The Balance of Giving and Receiving Part 2



Maybe you found out last week that there actually is an imbalance when considering giving and receiving in your family, relationship or work place. Maybe you have even decided to change that.

Very good idea.

Here’s a reason why:

During my studies at university, I was friend with a wonderful couple. They were both great people, smart, bright, loving. He gave up his studies and took a job, to support them both and help her finish her studies. They planned for her to get a good job afterwards, so that he could then go back to university and finish his studies.

It didn’t work out that way. The moment she finished her exams, she left him, went to another town and married another man. It seemed monstruously unfair.

What had happened? I only understood the underlying reason when I studied systemic therapy: The balance of giving and taking had become so precarious in this particular relationship that she had no choice but to run away. Subconsciously, she could never pay back what she had received.

That does seem totally idiotic (and logically, she probably could have, but emotionally she felt trapped). Yet this is the result when one person gives and gives and the other receives and receives  most of the time. Eventually, the relationship will self-destruct – and usually the one who receives is initiating this destruction.

That’s why I really want you to take a close look at your relationships.

What does the balance look like in your family?
How about the work place?
And finally, how about your personal relationships?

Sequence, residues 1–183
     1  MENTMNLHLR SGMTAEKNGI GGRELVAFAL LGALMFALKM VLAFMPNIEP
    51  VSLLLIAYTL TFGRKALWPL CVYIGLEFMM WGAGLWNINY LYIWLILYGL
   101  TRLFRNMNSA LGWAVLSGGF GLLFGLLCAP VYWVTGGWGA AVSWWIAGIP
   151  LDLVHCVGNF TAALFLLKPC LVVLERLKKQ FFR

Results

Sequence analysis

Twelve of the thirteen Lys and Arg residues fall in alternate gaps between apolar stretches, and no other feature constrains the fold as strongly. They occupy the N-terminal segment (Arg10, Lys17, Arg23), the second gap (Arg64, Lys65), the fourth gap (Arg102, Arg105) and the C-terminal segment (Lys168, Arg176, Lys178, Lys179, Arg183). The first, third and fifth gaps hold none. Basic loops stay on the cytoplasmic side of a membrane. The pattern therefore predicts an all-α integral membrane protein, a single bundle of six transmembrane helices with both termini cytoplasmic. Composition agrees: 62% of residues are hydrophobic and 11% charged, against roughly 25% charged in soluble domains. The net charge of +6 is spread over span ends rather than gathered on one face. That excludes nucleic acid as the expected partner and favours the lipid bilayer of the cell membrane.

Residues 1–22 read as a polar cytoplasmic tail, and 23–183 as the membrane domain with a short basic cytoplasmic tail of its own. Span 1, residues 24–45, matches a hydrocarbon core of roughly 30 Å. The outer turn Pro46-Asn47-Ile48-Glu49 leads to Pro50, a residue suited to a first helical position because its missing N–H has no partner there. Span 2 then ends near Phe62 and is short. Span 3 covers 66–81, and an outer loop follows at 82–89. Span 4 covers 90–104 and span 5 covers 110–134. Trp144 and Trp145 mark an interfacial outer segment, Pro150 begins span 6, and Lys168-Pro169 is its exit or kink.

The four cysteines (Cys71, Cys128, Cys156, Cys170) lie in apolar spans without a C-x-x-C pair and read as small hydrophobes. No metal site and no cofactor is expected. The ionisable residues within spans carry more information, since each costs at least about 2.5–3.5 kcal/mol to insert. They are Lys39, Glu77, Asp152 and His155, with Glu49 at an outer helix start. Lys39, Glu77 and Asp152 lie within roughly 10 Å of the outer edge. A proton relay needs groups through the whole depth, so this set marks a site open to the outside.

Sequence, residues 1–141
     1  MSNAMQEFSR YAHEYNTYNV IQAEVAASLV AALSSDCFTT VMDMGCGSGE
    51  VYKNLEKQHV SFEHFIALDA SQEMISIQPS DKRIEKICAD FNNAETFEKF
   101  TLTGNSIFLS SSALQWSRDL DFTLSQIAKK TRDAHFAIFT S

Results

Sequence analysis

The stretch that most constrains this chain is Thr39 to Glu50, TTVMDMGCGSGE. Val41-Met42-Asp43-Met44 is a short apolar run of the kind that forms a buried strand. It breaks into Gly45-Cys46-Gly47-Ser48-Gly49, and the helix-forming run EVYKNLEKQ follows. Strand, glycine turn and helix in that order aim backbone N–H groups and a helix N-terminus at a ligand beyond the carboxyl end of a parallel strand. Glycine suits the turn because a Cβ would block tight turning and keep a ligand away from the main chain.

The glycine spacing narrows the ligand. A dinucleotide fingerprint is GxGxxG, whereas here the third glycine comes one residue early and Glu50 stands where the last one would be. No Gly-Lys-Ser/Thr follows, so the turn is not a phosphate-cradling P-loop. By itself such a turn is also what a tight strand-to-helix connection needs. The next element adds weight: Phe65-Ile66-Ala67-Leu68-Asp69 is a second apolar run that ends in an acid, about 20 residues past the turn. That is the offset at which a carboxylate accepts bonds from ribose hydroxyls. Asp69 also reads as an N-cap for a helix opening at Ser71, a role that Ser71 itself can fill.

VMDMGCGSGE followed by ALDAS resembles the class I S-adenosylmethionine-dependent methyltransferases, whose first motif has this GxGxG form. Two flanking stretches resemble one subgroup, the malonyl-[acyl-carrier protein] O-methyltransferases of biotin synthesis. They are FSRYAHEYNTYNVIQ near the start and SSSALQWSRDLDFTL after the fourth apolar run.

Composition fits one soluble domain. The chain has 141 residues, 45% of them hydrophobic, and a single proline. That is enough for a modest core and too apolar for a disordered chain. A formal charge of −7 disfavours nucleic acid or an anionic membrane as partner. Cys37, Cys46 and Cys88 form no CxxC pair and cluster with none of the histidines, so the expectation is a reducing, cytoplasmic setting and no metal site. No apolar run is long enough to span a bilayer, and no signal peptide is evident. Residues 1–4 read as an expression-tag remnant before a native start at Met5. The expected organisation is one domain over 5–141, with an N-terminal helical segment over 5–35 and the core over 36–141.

If you sense, see or recognize an imbalance, please take the time to talk about it. Gather your courage and have that conversation – finding a better balance will change your life and your relationships. It might just even save your marriage. I cannot tell you how that better balance can be archieved, as it is a highly individual process. But you will find out because all participants will feel better.

Good questions to help you along are:

What do you need more of?
What makes you feel especially tired?
What would you love to receive?
What aspect of your life originally felt like great love and now feels like a chore?

Honest answers to these questions, and letting go of any blame or judgment will help you through that conversation.

Here are some tapping phrases to make that step easier for you:

 Even though it’s hard for me to even accept that there is an imbalance, I feel shame for running an imbalanced relationship, I’m okay the way I am and I’m open to the possibility that I need to see the imbalance in order to do something about it.

Even though I’m scared of talking about this imbalance – what will my partner say! – I’m okay the way I am and I’m open to the possibility that we can have a great talk and feel much more in love afterwards.

Even though the idea of changing my relationship really scares me, I’m okay the way I am and I’m open to the possibility that this might be a path towards a much more rewarding relationship.

If you found the courage to see and talk about the imbalance in your relationsship – would you be willing to share the experience? Others might find much needed courage in your words. Thank you!

Image source: F. Moebius

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2 Responses to The Balance of Giving and Receiving Part 2

  1. Charlotte says:


    This is a great post. You are right. It takes courage to face imbalanced relationships. Was there a way they could have worked it out?


  2. Frauke Möbius says:

    Well, if they would come to me today, I would try to make them see the imbalance first. And then figure out what each of them chould change.

    And I would have suggested that she should find a way to share the financial load so that he would have time to do somehing he loves. Most important would have been to make them realize what they were doing to each other – and that sacrifices can backfire.

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